Sooner or later someone has to say “fuck it.”

By Stephen Silver — Open Clip Art Library, CC0, https://commons.wikimedia.org/w/index.php?curid=550611

I’ve known this for years. But like a lot of contradictions, I’ve noticed it, avoided it, carried on as if I haven’t seen it.

This is just the plain truth. How much a project is going to take and valuable it’s going to be, there’s a substantial degree to which these things just can’t be known.

Yes, the rational thing to do would be to look at other similar projects, preferably inside your organisation and see how they did.

This is what Daniel Kahneman calls “The Outside View.” What actually happened on similar project? How long did it take, how much did it cost? Did it return the value? Was it worth it?

Do you know what everybody says?

This time it will be different.

I’m writing this book. I’ve been writing a book of some description or other for about eight years. All of them have run into the sand, usually at the editing stage. The “outside view” of this book tells me that probably the same will happen to this one. But what do I see when I look at that outside view? I see something that I don’t want to see. I look away. What do I say?

This time it will be different.

And you know what? Maybe it will, maybe this time will be different. Maybe it will.

Argh. That’s not really what I wanted to write about today, although it’s related.

What I wanted to write about today was the kind of people who say “fuck it.”

We need those kinds of people. If we didn’t have those kinds of people, it seems doubtful that we’d ever go anywhere new or do anything new.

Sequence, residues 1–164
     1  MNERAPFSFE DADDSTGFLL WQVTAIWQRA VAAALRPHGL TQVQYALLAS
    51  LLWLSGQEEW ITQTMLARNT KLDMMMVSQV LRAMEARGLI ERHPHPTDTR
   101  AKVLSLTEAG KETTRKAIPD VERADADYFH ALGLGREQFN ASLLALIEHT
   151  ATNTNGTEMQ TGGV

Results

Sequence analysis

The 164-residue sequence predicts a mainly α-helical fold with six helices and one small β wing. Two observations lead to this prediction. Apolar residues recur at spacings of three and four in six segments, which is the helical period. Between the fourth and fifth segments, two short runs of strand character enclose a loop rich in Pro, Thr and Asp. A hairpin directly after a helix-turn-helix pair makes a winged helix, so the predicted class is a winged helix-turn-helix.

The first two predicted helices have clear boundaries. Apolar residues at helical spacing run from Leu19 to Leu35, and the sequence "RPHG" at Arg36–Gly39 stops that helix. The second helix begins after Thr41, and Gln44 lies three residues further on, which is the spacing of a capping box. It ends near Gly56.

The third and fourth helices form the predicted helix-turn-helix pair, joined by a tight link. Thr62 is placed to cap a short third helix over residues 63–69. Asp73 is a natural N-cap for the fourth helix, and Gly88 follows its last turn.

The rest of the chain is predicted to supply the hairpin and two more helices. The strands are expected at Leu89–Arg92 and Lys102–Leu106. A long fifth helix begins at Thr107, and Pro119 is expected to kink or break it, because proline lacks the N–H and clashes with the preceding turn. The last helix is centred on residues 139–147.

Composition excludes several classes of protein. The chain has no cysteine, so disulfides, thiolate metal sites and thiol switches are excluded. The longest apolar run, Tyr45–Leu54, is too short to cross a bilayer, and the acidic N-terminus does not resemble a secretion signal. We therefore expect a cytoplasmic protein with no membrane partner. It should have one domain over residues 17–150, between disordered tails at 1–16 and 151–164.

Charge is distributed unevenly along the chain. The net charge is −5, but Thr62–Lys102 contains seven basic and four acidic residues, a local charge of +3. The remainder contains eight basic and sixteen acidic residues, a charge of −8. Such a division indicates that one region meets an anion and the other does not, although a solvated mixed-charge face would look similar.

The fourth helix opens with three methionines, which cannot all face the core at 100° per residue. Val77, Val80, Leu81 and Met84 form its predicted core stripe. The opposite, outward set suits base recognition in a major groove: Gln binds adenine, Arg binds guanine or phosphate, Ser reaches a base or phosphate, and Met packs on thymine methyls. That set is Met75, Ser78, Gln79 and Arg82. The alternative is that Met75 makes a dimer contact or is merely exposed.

But there’s a problem with those kind of people. What makes it easiest to be the kind of person who says “fuck it,” is not caring whether the project that’s just been green lit succeeds or not.

Most people that I’ve seen who do this, manage to pull it off, by being comfortable with the project either failing or succeedig. If the project fails, they distance themselves from it, quietly but sadly point to other members of the team who’ve let them down. If the project succeeds they are in every meeting, they are giving the presentation explaining how well the project did, they are accepting awards on behalf of the team.

I used to really hate these people. I used to call them names. Sociopaths. That’s what I used to call them. But I think my thinking about this has changed.

Now I realise that this behaviour is just the flip side of being able to say “fuck it.” And if nobody said “fuck it.” In a risky business like software development, nothing would get done. So, maybe this behaviour is sociopathic, but we need somebody to be doing it.

This is what I was starting to think when I was writing about foam a couple of days ago. A project is a mix of ideas, ideals and realities. If it gets to far away from reality it will go pop. If it is too grounded in nothing but reality it will never get going.

In a project that’s too “airy” the people who kick of the project know very little about what can actually be done, and what will be valuable. In a project that’s too leaden and solid, there’s too much focus on what is known to be possible and what users are directly asking for. This is Henry Ford’s “faster horse” problem.

But there’s a lot of space between those two extremes.

Is there such a thing as a “controlled fuck-it”? Is that what a project is?

Originally published at https://www.mumbly.co.uk.